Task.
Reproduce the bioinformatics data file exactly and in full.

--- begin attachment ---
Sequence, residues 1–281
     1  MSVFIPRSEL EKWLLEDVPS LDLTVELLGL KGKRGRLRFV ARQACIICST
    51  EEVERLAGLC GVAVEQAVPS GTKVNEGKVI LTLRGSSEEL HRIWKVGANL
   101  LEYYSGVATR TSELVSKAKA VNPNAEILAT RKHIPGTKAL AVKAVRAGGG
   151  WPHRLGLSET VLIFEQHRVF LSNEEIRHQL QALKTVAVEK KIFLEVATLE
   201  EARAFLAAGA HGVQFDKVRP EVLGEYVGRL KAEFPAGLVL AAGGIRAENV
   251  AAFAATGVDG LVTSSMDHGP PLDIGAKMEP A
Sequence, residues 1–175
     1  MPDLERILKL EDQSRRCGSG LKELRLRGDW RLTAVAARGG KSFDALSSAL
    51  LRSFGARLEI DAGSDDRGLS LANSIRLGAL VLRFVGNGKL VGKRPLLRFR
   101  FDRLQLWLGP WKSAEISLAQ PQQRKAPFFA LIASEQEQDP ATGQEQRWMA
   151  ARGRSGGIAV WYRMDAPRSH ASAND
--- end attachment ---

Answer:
Sequence, residues 1–281
     1  MSVFIPRSEL EKWLLEDVPS LDLTVELLGL KGKRGRLRFV ARQACIICST
    51  EEVERLAGLC GVAVEQAVPS GTKVNEGKVI LTLRGSSEEL HRIWKVGANL
   101  LEYYSGVATR TSELVSKAKA VNPNAEILAT RKHIPGTKAL AVKAVRAGGG
   151  WPHRLGLSET VLIFEQHRVF LSNEEIRHQL QALKTVAVEK KIFLEVATLE
   201  EARAFLAAGA HGVQFDKVRP EVLGEYVGRL KAEFPAGLVL AAGGIRAENV
   251  AAFAATGVDG LVTSSMDHGP PLDIGAKMEP A
Sequence, residues 1–175
     1  MPDLERILKL EDQSRRCGSG LKELRLRGDW RLTAVAARGG KSFDALSSAL
    51  LRSFGARLEI DAGSDDRGLS LANSIRLGAL VLRFVGNGKL VGKRPLLRFR
   101  FDRLQLWLGP WKSAEISLAQ PQQRKAPFFA LIASEQEQDP ATGQEQRWMA
   151  ARGRSGGIAV WYRMDAPRSH ASAND